If opportunity allows for a visit to some of the art museums in New York City this summer, then the inspiration gleaned could follow all the way through to your wall decor. There is nothing better than seeing a work in person that ignites a passion and then getting to walk away with a souvenir afterwards— something to act as a bookmark to that feeling, to be accessed at any time. And New York’s museums are especially skilled at reflecting on great moments of the past while aspiring towards ever more evolving themes into the future, paving the ways oftentimes for radical new thinking, perspectives and art appreciation that yet anchors itself in the rich and varied history that we have collectively experienced.
Richard Anuszkiewicz – New York City Opera, silkscreen 1968 Ellsworth Kelly – Noir Et Rouge, stone lithograph 1958
At the Whitney Museum of American Art you will find an exhibit titled ‘Spilling Over: Painting Color in the 1960s’ on view through August 18— and some of the artists featured are a few of our house favorites. Richard Anuszkiewicz is known for his mesmerizing Op Art paintings, a style of visual art that uses optical illusions, the antecedents of which can be traced back to Neo-Impressionism, Cubism, Futurism, Constructivism and Dada, and seen in this 1968 silkscreen print New York City Opera.
Ellsworth Kelly, the American painter, sculptor, and printmaker associated with hard-edge painting, Color Field painting and Minimalism championed the spirit of mid-century trailblazing with deceptively complex shapes, minimal yet deep with information, as in this 1958 stone lithograph Noir Et Rouge.
Helen Frankenthaler – Aerie, SIGNED silkscreen 2009
Helen Frankenthaler is the female American abstract expressionist painter to produce a major contribution to the history of postwar American painting alongside male counterparts like Rothko, Motherwell, Hofmann and Pollock. Her distinctive Color Field paintings stand out like songbirds, as in this signed 2009 silkscreen Aerie.
Alex Katz strikes a chord unlike any other, his mellow and stylized portraits setting an ambiance of happy hour cool, perfect for a home bar or cocktail veranda. Sasha is a signed 2016 silkscreen and Diana is a signed 2014 linocut— a charismatic pair.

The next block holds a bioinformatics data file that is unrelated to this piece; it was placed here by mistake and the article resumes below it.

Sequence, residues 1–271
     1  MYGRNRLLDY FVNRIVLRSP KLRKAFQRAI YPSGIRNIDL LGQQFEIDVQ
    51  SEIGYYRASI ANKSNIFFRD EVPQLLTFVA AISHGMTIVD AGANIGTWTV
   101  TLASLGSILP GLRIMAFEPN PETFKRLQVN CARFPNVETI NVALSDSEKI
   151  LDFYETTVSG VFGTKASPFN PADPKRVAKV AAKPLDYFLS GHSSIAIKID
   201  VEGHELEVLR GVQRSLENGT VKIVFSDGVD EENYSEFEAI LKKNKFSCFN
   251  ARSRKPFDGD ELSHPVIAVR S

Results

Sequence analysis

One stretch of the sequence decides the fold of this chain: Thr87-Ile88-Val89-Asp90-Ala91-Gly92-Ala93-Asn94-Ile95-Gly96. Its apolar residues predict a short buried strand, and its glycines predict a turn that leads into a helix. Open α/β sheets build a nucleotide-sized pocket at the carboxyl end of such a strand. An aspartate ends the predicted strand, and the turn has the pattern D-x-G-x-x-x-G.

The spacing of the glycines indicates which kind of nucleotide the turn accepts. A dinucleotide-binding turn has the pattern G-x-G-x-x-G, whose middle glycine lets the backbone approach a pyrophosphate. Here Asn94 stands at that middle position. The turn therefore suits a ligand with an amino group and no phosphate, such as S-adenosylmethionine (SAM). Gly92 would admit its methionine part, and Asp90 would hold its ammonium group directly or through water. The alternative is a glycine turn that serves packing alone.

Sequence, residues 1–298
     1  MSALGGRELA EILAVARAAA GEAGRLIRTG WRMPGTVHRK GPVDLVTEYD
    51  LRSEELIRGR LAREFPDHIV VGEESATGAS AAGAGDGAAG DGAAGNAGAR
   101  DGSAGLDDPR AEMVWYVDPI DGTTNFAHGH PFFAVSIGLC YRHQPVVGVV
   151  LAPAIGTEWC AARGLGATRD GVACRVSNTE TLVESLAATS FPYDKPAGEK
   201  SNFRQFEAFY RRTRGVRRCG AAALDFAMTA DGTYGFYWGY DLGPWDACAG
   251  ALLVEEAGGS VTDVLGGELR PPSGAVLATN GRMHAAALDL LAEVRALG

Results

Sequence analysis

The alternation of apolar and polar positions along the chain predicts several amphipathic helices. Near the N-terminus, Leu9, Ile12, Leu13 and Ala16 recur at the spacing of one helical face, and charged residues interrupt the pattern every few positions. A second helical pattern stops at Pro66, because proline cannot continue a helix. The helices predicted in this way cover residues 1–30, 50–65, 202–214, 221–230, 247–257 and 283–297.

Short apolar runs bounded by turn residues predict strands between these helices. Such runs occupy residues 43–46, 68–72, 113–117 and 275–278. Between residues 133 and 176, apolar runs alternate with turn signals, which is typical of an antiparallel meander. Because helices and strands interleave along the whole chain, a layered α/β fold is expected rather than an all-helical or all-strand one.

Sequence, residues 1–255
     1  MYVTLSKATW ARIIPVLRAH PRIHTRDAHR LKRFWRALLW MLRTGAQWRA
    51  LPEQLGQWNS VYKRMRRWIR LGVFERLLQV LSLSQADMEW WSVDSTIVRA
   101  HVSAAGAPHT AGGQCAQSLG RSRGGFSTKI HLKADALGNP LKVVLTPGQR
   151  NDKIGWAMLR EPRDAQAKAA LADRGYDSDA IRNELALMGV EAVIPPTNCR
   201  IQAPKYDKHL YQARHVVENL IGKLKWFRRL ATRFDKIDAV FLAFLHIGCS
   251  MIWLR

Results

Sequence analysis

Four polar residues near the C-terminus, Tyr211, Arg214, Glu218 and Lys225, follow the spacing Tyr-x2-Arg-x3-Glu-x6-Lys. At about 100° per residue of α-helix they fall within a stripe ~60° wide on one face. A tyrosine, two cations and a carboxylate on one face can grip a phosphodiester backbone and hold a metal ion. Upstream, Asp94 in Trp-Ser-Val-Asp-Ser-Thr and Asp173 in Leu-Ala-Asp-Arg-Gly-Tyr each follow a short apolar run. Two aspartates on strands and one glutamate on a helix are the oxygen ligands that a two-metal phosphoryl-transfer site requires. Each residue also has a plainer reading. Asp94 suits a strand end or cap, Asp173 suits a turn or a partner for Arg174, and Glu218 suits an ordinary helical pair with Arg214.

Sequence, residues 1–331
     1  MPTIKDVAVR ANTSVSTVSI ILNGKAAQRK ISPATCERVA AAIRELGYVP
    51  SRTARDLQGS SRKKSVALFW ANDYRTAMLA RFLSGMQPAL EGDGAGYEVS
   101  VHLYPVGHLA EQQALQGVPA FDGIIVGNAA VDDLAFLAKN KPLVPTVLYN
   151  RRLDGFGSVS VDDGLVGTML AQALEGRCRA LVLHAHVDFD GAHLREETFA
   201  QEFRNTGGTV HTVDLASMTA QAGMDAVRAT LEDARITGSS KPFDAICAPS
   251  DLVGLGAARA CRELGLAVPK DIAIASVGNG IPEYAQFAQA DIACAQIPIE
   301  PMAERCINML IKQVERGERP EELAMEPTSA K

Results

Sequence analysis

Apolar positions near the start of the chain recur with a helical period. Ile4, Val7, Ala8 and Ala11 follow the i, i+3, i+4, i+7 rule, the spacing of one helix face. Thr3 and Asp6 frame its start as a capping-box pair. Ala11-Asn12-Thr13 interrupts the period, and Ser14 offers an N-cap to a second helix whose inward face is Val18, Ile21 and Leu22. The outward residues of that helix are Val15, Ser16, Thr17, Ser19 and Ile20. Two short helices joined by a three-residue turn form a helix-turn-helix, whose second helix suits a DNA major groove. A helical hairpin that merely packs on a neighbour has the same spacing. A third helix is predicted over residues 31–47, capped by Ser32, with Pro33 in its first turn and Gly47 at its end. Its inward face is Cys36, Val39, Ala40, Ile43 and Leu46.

Alex Katz – Sasha, SIGNED silkscreen 2016 Alex Katz – Diana, SIGNED linocut 2014
And Frank Stella’s minimalism and post-painterly abstraction leads us through the best of the combination of color and geometry, fulfilling some unknown attraction to lyric light and form that seems wholly satisfying. In his 1967 work Lincoln Center Festival he is at the top of his game.
Frank Stella – Lincoln Center Festival, offset lithograph 1967
At MoMA PS1 is a show on Félix Fénéon titled ‘The Anarchist and the Avant-Garde — From Signac to Matisse and Beyond’. Fénéon was a Parisian anarchist and art critic during the late 19th century who coined the term Neo-Impressionism in 1886 to identify a group of artists led by Georges Seurat, and ardently promoted them. This Portrait of Félix Fénéon by Paul Signac, the painting of which was completed in 1890 and is on view in this exhibition, is an ode to his close friend Félix, art dealer, collector, curator, political activist, critic and important contemporary of Signac, who depicts his unconventional and enigmatic personality.
Paul Signac – Portrait of Félix Fénéon, offset lithograph
"New York’s museums are especially skilled at reflecting on great moments of the past while aspiring towards ever more evolving themes into the future..."
And at the MET can be found an exhibition titled ‘Epic Abstraction: Pollock to Herrera’ which features some more of our house favorites, beginning with the unparalleled Jackson Pollock, whose action painting drip expressions forever changed the face of visual art. This work Number 28 is from an original MET exhibition from 1988.
Jackson Pollock – Number 28, offset lithograph 1988
Also on view there is the pioneering aesthetic of another noteworthy female Louise Nevelson, whose fierce attitude matched her deep and stunning use of the color black. This Untitled work from 1972 is a glowing example of her visionary prowess.
Willem de Kooning’s brushwork, which often walked the line between semi-abstract dream visions and fully abstract outbursts, carries more than its weight in gold, and Untitled (Black and White) hints in both directions— both timeless and incurably human.
Louise Nevelson – Untitled, offset lithograph 1972 Willem de Kooning – Untitled (Black and White), offset lithograph 1991
And Franz Kline and Mark Rothko always seem to be able to communicate volumes while utilizing few motions, this 1991 silkscreen New York, NY and this 1970 stone lithograph Marlborough Galleria D'arte Roma both cases in point.
Franz Kline – New York, NY, silkscreen 1991 Mark Rothko – Marlborough Galleria D'arte Roma, stone lithograph 1970
And lastly, also at the MET is an exhibition celebrating the 50th Anniversary of the Apollo moon landing with ‘Apollo’s Muse: The Moon in the Age of Photography’. For those collectors out there who have a piece of moonrock under a glass dome in their libraries, The Tintin Rocket 30 Figurine from Hergé’s classic graphic novel and a companion poster of the cover of Les Aventures de Tintin: On a Marché Sur La Lune are going to be must-haves.
Hergé – Les Aventures de Tintin: On a Marché Sur La Lune, offset lithograph 2010 Hergé – The Tintin Rocket 30 Figurine, resin figurine 2017